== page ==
The Ministry of Industry and Trade (MoIT) has announced a list of 144 parts, which will be produced by local suppliers in partnership with Samsung Electronics Vietnam.
Information revealed on the ministry's website showed that 91 of the total number of agreed parts would be used for the smartphone Galaxy S4 production, while the remaining 53 parts would be for the 7-inch tablet.
The parts range from simple to complex mechanics, such as battery, earphone, USB data storage devices and insulation tape. Parts used for cable data transmission are included as well.
The ministry said it would cooperate with Samsung to connect Vietnamese parts suppliers with the company.
This is the first time MoIT published a detailed list of the parts on its website. This decision to publicise the list is aimed to encourage the participation of partners from both Vietnamese and foreign direct invested enterprises, which could meet Samsung's requirements.
Parts suppliers could directly contact the ministry to register. It would also continue to update information regarding the demands from Samsung to help businesses planning to join in the company's production chain.
Samsung ordered a list of 170 parts from Vietnamese suppliers in August to increase localisation.
However, no Vietnamese parts suppliers were able to seize the opportunity. The suppliers were even unable to meet Samsung's standards in making a smartphone charger.
There are 67 enterprises providing parts to Samsung. Most of them are Korean, Japanese, Singaporean and Malaysian firms. Only four Vietnamese companies supply packaging to Samsung.
The main reason has been the lack of clear understanding of most of the domestic firms of the conditions and requirements set by Samsung.
Therefore, the company conducted a meeting in September with representatives from the ministries, the Vietnam's Association of Foreign Invested Enterprises (VAFIE) and hundreds of supporting businesses.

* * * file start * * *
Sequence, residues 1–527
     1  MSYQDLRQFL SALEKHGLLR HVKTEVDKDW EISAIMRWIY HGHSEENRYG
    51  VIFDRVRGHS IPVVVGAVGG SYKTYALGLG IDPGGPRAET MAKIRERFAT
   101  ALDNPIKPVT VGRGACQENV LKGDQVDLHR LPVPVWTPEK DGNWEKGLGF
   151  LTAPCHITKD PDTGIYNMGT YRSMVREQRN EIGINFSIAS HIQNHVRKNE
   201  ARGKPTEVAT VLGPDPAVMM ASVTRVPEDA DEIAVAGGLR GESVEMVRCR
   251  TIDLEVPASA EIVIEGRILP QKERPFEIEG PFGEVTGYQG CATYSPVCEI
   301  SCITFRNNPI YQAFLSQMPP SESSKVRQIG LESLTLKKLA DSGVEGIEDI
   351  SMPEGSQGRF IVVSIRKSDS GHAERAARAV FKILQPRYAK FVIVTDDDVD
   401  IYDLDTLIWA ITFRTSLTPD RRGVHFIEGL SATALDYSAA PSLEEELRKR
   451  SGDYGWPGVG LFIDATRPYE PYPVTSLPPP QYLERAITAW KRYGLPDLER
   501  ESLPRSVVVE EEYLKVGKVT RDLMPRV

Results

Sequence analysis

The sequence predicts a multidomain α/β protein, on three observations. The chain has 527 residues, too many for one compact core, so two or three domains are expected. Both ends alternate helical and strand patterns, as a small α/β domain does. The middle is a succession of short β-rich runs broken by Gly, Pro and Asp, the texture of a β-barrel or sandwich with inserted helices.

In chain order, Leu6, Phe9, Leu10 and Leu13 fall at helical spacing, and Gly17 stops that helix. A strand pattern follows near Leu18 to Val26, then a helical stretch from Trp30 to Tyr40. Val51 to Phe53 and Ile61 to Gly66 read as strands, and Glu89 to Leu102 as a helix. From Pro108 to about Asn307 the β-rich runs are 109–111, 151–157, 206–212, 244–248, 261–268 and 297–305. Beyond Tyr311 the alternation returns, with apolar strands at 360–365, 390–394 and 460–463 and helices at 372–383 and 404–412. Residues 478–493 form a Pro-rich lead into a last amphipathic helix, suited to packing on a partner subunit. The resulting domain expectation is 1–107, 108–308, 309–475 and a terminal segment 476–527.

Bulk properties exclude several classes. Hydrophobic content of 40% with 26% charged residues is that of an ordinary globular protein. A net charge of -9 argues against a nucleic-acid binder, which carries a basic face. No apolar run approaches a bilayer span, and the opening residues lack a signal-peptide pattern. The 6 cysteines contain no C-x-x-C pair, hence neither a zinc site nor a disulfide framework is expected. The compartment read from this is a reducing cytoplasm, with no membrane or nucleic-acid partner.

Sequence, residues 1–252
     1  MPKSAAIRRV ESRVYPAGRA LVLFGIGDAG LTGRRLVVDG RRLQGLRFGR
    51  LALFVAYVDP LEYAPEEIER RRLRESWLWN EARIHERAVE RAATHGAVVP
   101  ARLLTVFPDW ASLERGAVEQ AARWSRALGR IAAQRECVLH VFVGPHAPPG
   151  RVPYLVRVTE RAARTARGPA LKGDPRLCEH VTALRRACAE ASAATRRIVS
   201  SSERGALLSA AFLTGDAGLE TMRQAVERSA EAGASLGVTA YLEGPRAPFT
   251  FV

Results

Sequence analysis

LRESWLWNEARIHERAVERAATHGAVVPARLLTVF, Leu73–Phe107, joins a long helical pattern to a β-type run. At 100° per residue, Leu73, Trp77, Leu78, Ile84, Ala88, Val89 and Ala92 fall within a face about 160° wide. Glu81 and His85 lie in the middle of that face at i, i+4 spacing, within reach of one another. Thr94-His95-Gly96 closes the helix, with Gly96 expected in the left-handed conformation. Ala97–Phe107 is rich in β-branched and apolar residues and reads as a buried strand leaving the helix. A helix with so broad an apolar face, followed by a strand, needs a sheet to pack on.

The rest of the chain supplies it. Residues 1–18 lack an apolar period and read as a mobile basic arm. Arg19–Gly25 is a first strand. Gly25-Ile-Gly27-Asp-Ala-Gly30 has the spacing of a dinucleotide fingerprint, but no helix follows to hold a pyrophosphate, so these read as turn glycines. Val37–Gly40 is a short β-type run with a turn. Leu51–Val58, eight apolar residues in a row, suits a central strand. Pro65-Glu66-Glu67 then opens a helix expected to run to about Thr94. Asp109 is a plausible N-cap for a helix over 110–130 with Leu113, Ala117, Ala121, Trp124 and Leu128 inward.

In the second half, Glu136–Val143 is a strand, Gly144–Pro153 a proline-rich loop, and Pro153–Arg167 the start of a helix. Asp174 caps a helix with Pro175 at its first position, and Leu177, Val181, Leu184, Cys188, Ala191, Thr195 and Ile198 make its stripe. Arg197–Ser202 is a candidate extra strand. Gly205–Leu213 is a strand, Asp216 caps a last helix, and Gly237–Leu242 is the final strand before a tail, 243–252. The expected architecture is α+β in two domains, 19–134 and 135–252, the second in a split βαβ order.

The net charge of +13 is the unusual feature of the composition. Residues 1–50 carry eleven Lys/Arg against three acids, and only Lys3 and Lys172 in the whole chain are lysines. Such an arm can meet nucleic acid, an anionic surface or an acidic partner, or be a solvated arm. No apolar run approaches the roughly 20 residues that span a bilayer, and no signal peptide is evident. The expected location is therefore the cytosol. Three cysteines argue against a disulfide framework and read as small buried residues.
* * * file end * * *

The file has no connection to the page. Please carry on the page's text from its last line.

Shim Won Hwan, General Director of the Samsung Vietnam complex, said that they produce most of its parts in Vietnam themselves. This decision was based on the hefty investment costs required for the parts' production, which local suppliers could not cover.
Hwan said local suppliers should learn from vendors and study all the processes involved in the production – from simple methods to complicated procedures.
He also introduced eight requirements, technology, quality, response and delivery. Also part of the requirements are the cost, environment, finance and law. There were also 13 other conditions set for the suppliers to follow.
Nguyen Mai, VAFIE's chairman, said Samsung would produce hundreds of millions of phones in Vietnam. Therefore, the tech giant will need hundreds of supporting factories.
This would be a great opportunity for Bac Ninh, Thai Nguyen provinces and other localities in the city to develop the supporting industry as the sector's projects have been mostly implemented by the FDI.
Mai disclosed that the Foreign Investment Agency and VAFIE would cooperate with the Mechanics Association and provincial departments in charge of planning and investment to conduct surveys on mechanics enterprises eligible to serve as Samsung's suppliers.
Approximately 35 percent of Samsung's mobile phones supplied in the world market were assembled and produced in its factories in Vietnam.
The figure is expected to increase to 50 percent in the future. This anticipated increase is the reason for the company's higher demand for parts.